DoD seeks to civilianize support positions

DoD seeks to civilianize support positions

Civilian employees have served in every major American war since the Revolution, freeing service members to concentrate on winning battles. That tradition continues today, as roughly 700,000 civilians serve the Defense Department throughout the United States and at least 17 foreign lands as well.

DoD is now trying to "civilianize" positions whenever possible as a way to save costs while minimizing impact on force effectiveness. According to a 1998 Rand Corp. report, there are two main reasons for this. First, military members are moved in and out of jobs frequently, so there are high turnover and training costs. Second, military members do not spend 100 percent of their time performing their assigned functions; they also have training requirements and other duties.

"Civilians provide stability in the organization," said Diane Disney, deputy assistant secretary of defense for civilian personnel policy. "Military people rotate between assignments every three years or so. DoD civilians are necessary to provide vital support that allows our warfighters to perform their mission."

DoD requirements call for personnel managers to employ civilians "in positions which do not require military incumbents for reasons of law, security, discipline, rotation, or combat readiness; which do not require a military background for successful performance of duties involved; and which do not entail unusual hours not normally associated or compatible with civilian employment."

"Anything that isn't military-essential, any position where the person isn't going into combat," said Pam Bartlett, a program analyst with the Office of the Undersecretary of Defense for Personnel and Readiness. "You require the military to go to war, and you hire civilians to provide support for the military."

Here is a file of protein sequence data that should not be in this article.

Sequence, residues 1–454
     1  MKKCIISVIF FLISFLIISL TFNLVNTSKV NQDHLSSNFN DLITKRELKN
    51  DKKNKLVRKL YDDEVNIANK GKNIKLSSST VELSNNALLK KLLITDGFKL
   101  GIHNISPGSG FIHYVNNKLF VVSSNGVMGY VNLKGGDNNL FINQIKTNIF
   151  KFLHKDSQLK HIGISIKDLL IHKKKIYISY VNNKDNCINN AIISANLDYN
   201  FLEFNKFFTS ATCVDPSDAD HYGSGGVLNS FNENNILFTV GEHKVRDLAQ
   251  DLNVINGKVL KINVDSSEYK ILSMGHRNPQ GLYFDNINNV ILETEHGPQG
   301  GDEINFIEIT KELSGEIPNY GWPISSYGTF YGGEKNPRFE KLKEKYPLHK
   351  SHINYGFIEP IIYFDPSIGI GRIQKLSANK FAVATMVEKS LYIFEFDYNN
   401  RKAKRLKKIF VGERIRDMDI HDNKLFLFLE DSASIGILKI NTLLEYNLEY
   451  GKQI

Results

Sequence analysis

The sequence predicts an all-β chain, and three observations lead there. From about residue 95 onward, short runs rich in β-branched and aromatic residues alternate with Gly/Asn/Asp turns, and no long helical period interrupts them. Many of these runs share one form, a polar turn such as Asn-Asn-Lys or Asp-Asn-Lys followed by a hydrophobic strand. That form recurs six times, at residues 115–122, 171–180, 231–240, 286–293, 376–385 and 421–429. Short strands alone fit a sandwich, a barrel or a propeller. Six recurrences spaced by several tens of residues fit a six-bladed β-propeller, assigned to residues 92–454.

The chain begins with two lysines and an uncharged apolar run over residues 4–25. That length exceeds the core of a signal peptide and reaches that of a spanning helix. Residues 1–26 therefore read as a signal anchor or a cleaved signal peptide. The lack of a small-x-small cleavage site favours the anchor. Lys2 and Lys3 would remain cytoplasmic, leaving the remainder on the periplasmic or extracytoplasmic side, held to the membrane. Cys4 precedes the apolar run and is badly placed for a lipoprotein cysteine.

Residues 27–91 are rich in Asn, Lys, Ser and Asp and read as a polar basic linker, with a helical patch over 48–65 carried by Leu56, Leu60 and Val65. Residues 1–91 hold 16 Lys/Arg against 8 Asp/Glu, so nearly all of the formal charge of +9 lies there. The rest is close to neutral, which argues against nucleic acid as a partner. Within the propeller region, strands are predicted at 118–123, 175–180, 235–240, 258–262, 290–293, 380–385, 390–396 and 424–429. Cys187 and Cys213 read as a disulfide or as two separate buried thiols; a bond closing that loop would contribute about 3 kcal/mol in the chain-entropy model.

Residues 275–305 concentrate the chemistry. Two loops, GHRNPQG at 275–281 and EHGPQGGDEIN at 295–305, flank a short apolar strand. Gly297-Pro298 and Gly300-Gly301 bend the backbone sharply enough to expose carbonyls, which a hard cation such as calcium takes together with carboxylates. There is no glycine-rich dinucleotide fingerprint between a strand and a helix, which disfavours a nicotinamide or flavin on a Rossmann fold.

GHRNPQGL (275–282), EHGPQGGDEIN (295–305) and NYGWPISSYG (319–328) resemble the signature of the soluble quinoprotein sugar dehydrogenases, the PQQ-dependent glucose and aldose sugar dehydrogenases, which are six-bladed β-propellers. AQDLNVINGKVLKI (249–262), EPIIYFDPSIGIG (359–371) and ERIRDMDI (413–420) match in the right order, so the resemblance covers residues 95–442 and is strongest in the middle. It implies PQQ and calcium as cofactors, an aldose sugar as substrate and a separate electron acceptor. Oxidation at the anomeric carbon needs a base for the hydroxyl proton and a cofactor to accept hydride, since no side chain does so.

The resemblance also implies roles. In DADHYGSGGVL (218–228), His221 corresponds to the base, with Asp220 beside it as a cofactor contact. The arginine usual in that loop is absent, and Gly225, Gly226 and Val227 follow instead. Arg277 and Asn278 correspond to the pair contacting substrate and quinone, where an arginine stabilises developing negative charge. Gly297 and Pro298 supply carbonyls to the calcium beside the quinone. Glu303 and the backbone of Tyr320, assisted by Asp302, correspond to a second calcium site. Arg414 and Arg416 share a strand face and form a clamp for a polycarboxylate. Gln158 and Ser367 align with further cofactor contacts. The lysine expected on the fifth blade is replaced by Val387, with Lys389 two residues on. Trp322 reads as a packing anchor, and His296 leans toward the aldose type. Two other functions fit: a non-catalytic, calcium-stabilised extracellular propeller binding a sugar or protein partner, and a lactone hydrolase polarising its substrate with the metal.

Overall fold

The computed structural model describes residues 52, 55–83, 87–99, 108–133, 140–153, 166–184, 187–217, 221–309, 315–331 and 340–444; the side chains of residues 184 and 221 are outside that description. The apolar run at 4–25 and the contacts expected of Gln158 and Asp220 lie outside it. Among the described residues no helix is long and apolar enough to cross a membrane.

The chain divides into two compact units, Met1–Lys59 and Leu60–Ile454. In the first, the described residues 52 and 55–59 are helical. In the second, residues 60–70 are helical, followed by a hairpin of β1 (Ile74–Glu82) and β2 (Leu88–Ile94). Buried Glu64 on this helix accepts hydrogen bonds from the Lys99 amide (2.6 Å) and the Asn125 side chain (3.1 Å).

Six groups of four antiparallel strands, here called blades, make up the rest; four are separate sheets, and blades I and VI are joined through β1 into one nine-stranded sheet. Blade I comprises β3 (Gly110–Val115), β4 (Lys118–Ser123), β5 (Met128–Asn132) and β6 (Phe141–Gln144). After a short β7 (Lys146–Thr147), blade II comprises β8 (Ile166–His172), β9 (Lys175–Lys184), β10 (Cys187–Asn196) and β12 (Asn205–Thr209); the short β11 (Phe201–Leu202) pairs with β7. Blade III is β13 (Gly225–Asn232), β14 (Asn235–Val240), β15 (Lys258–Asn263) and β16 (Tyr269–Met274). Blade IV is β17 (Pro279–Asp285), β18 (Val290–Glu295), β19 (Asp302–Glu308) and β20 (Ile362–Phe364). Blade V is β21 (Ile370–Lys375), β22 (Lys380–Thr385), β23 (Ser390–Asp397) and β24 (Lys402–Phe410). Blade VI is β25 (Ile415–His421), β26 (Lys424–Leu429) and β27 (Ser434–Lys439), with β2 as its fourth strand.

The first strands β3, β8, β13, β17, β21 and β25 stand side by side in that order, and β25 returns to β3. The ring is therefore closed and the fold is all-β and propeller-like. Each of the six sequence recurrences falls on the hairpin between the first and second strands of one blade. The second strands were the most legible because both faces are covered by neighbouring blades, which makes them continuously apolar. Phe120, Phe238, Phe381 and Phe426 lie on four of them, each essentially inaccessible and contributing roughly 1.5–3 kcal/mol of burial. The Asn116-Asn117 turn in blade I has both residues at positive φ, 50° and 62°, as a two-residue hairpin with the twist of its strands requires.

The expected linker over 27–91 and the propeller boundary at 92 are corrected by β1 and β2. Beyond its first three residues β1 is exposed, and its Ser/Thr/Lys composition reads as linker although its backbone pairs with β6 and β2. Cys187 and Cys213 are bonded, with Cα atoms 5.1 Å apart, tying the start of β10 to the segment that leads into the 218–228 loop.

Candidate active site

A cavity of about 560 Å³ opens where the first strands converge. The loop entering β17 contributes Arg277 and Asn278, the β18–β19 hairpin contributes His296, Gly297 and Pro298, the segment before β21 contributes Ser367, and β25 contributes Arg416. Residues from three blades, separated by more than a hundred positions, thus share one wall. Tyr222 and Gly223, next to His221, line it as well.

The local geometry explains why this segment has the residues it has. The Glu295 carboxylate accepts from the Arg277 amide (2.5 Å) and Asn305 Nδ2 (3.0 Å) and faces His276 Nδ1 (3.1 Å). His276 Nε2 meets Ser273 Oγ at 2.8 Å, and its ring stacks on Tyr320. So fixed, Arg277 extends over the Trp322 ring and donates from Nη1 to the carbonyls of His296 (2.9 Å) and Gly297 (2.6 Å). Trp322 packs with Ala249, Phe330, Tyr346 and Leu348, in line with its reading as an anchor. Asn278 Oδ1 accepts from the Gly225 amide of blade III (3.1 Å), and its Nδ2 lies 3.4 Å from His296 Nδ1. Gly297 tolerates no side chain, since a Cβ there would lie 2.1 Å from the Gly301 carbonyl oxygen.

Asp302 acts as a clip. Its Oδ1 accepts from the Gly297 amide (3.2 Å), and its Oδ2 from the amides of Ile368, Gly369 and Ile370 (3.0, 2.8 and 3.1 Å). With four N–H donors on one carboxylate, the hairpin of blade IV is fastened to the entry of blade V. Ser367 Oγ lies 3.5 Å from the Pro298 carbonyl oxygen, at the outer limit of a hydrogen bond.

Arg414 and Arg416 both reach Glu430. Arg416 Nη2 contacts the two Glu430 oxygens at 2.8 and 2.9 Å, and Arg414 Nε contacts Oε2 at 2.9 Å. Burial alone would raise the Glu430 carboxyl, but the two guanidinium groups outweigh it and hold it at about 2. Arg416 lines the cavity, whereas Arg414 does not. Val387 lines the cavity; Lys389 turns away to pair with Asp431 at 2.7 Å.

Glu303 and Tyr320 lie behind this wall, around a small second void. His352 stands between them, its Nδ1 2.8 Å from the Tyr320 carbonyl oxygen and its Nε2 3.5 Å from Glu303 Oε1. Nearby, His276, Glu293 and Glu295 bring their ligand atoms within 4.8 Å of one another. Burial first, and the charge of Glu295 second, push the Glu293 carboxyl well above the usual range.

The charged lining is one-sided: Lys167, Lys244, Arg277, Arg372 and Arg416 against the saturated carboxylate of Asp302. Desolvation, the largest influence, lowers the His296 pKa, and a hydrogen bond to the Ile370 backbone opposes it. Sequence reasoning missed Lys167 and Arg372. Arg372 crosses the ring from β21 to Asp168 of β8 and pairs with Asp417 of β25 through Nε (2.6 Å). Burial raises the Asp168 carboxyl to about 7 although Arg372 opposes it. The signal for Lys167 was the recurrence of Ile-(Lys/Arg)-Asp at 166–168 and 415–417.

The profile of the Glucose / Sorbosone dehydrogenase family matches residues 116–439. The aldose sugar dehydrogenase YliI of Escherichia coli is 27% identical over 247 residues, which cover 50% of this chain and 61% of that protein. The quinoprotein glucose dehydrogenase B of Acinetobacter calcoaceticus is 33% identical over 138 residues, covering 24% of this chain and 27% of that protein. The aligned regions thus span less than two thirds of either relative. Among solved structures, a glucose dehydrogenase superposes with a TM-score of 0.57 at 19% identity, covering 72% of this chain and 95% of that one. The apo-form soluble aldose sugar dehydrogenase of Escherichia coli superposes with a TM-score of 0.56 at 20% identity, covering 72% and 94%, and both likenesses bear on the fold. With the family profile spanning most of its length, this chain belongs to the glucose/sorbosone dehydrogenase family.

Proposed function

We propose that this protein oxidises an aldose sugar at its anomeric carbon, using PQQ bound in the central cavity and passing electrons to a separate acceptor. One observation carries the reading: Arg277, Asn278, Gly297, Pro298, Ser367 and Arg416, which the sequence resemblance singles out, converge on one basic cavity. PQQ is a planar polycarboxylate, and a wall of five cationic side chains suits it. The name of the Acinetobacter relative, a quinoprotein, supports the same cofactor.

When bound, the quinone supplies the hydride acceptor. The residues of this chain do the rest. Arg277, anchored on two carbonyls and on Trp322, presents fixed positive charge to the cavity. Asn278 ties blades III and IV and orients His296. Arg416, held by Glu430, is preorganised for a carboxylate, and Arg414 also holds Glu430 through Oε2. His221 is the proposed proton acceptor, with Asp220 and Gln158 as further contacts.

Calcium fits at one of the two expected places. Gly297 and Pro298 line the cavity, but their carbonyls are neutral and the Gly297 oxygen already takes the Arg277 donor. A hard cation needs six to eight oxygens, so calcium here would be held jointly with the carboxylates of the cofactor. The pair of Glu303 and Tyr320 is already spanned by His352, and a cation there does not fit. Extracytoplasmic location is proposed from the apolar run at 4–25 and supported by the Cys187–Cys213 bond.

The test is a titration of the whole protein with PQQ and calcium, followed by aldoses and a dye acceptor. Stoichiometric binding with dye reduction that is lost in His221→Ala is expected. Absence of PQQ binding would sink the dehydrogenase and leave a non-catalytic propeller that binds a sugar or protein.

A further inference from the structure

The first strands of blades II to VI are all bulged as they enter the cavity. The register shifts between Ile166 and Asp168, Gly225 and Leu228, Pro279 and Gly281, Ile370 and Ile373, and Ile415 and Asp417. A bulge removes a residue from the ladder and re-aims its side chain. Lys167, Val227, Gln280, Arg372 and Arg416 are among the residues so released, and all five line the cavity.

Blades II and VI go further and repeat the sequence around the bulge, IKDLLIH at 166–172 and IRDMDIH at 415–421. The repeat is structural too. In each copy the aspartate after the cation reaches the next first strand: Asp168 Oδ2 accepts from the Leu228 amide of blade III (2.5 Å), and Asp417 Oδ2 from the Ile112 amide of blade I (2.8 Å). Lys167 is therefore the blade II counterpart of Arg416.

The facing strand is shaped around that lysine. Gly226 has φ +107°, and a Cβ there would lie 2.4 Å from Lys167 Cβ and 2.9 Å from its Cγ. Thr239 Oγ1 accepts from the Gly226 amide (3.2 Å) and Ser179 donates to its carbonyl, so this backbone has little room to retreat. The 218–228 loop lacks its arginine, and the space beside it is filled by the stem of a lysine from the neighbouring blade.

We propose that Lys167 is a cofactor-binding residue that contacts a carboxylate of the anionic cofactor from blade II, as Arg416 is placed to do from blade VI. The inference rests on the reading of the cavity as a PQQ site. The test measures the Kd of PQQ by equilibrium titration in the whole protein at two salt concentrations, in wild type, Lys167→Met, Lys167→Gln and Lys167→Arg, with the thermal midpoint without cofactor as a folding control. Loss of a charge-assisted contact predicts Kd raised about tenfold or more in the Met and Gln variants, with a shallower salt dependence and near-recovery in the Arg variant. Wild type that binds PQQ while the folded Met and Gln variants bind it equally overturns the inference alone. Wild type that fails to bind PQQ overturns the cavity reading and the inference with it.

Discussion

Civilian DoD employees generally fall into one of two pay systems, depending on whether they're in white-collar or blue-collar trades. Those in white-collar jobs, for instance, clerical, administrative, engineering or supply fields, are paid under the General Schedule. Others, for example, maintenance or food-preparation workers, are compensated under the Coordinated Federal Wage System.

The government also contracts with civilian firms for goods and services instead of directly hiring employees to do the work. This is because there are times when contractors are more cost-effective or they do certain things better, Bartlett said.

"Sometimes you contract for services because they're available from the private sector, and it wouldn't be cost effective to do it in house," she said, using telephone service as an example. "It's all a question of who provides the best value in terms of the dollars and the services provided."

Just because civilians aren't uniformed members of the armed forces doesn't mean they're out of harm's way. "It's as if DoD civilians live two lives," Disney said. "We live the life of a civil servant and the life of a defense employee."

Disney said civilians designated as "emergency essential," meaning their skills and abilities are crucial to mission success, are subject to deployment. About 4,500 DoD civilians deployed to Southwest Asia during Desert Shield and Desert Storm, for instance. Civilians are often issued military uniforms during deployments and may be authorized to carry weapons for personal protection.

"Designating civilians as emergency essential emphasizes the total force nature of DoD involvement," she said. "It's recognition that civilians are important members of the DoD team."